I heard about it when it was first published five years ago, but I resisted buying it. "You finished with that scene when you grew up," I told myself. I found a copy in the expected venue: one of those bookstores singularly devoted to its chosen subject matter, where the covers of their magazines and books (and CDs and DVDs) show airbrushed pictures of impossible-looking people with impossible coifs and smiles making a big public show of enjoying activities that any right-minded person keeps to herself, or eschews altogether. I furtively looked around to make sure I wouldn't get spotted by someone I knew, and quickly leafed through it. Somehow I mustered the strength I needed to put it back on the shelf and walk away. But this summer when I found a copy on sale, I succumbed. Now I sneak peaks at its contents when my wife is fast asleep. It's a pleasure with an embarrassment factor that borders close to shame, but I will now confess: I own, and get a big kick out of reading, The Encyclopedia Of Contemporary Christian Music (Amazon).
And make no mistake: I have to be careful when reading it, because it doesn't take long for the giggles to set in, thus waking up my wife and earning her rightful scorn. From 1965-1995 the Christian Contemporary Music scene was possibly the craziest scene going. Sincere-minded kids possessed of varying degrees of talent and vision walked into a burgeoning boom industry run by idiots on a short moral tether and amoral sharks who grew fat off the sheep flung their way. This environment released a torrent of the crappiest music imaginable, making the few gems that actually surfaced seem very much like an honest-to-God miracle. Author Mark Allan Powell clearly has the freakiest record collection on the planet. He loves the artists and their material, and occasionally works hard at attempting a cautious respect where I might be prone to unabashed contempt. He also has a gentle sense of humor which serves to leaven the absurdities of this industry (and they are Legion).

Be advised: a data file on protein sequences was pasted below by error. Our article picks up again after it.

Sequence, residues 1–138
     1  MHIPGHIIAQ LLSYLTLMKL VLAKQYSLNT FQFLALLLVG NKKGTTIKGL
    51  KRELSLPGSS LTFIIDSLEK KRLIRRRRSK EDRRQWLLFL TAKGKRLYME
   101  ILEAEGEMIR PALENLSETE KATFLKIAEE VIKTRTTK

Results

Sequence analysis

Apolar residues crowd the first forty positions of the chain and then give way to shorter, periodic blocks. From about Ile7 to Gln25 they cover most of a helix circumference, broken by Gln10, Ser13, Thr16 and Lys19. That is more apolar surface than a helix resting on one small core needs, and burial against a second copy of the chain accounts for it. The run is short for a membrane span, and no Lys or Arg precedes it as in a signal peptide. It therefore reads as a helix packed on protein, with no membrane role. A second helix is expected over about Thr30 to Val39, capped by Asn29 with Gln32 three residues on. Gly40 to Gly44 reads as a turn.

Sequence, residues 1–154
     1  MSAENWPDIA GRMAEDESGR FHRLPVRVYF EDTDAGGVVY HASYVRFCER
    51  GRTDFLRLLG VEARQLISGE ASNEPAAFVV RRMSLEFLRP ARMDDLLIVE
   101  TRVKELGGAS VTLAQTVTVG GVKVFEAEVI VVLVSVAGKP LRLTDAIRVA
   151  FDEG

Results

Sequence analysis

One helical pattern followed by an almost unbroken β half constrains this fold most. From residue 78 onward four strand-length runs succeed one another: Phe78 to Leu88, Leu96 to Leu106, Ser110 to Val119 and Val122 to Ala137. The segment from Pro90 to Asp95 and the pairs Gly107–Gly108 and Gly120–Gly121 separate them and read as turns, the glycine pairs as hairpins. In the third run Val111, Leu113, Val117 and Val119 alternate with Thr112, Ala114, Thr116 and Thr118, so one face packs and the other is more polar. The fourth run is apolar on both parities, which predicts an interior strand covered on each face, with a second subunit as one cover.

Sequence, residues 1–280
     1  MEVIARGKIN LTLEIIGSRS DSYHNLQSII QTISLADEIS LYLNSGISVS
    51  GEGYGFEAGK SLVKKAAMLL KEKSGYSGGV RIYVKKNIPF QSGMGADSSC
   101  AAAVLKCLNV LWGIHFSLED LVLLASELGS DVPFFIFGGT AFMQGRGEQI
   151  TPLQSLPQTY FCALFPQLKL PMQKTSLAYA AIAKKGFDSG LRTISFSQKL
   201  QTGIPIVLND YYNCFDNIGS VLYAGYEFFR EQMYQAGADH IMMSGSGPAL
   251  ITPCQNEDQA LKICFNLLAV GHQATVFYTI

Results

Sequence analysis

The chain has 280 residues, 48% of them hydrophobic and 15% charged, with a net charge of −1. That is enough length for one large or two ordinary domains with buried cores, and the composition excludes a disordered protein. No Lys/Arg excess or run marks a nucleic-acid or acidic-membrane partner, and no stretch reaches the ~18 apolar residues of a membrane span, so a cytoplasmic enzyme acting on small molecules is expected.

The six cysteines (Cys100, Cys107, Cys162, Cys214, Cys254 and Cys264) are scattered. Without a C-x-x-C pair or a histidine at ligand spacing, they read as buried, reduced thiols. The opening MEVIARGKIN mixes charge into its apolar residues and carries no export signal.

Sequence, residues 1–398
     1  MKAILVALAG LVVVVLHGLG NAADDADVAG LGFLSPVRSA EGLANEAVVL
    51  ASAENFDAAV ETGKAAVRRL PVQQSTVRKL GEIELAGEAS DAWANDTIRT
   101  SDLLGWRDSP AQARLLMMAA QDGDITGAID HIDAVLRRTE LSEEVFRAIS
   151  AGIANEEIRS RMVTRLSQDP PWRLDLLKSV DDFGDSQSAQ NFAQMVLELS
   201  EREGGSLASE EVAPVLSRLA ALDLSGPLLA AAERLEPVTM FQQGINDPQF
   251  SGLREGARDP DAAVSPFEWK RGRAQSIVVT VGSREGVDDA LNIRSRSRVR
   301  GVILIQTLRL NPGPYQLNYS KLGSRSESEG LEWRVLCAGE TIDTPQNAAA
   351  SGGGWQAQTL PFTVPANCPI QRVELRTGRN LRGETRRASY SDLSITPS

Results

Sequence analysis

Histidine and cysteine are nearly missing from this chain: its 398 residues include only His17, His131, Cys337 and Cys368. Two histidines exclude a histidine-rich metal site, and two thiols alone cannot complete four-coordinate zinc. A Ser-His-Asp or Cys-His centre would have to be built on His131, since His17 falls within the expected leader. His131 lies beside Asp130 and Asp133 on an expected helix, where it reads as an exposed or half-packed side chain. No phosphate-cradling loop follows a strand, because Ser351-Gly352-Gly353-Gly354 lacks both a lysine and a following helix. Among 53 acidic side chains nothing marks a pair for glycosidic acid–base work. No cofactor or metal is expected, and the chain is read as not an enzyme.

This kind of cultural fetish is not to everyone's taste. But I seem to have developed an appetite for it, and it cries out to be fed -- at discrete moments. And, yes, the bookstore mentioned above was a "Christian" bookstore. But now we're treading into "shame country" ....
|"Nobody looking? Time for some Mark Allen Powell..."|